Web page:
• Cases that can be fixed via a different build configuration, e.g. removing "use strict" generated by Babel.

Known correctness issues

This is a partial list of all identified correctness issues that are out of scope for decaffeinate. Almost all of them are from the CoffeeScript test suite.

If you have real-world code running into one of these issues and you think decaffeinate should be handling it, feel free to file an issue to discuss.

Classes cannot be declared with an invalid superclass

decaffeinate turns CoffeeScript class declarations into JavaScript class declarations, and one difference between the two is that JavaScript verifies that the superclass is valid (i.e. actually a class) when the subclass is declared, while CoffeeScript crashes on the first use of new.

For example, this code does not crash in CoffeeScript (but new A() crashes if used later) but crashes after decaffeinate:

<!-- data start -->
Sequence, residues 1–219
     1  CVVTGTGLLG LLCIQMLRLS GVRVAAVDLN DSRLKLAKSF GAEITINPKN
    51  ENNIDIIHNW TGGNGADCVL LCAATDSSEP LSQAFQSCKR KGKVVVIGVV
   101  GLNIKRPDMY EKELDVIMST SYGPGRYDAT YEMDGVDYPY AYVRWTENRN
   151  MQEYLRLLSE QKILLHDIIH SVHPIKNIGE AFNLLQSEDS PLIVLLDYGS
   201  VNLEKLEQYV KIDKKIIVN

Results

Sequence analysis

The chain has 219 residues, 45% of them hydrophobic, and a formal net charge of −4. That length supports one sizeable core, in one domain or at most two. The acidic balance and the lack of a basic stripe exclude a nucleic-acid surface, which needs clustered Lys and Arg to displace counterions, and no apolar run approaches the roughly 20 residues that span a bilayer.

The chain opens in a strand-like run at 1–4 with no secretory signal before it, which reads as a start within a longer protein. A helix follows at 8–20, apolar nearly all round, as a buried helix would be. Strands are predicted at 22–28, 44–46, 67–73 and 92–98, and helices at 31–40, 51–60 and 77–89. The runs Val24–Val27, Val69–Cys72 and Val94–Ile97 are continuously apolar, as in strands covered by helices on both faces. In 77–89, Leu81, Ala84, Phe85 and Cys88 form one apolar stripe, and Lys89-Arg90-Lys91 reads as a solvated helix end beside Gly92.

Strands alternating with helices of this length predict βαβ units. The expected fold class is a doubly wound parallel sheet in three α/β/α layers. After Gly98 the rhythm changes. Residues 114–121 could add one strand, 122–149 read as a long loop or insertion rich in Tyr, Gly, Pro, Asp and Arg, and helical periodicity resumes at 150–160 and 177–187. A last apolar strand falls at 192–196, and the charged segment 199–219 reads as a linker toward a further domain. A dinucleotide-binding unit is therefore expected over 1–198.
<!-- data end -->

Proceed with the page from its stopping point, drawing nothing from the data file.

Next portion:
class A extends {}

This affects the Vimium test suite.

Inline JS that relies on CoffeeScript implementation details may not be transformed correctly

CoffeeScript and decaffeinate both emit inline JS (surrounded by backticks) without modifying the contents. However, in some cases, it is possible to create inline JS that depends on the details of the surrounding JavaScript. For example, CS1 transforms fat arrow functions in a way where _this refers to the outer this and this refers to the inner this (which normally wouldn't be accessible). decaffeinate and CS2 create JS arrow functions, so this refers to the outer this, and there is no inner this. Code relying on this transform may break after decaffeinate (or after upgrading to CS2).

The following code prints "this2" in CS1 and prints "this1" in CS2 and after being transformed by decaffeinate:

f = ->
  g = =>
    console.log `this`.val
  g.apply {val: 'this2'}
f.apply {val: 'this1'}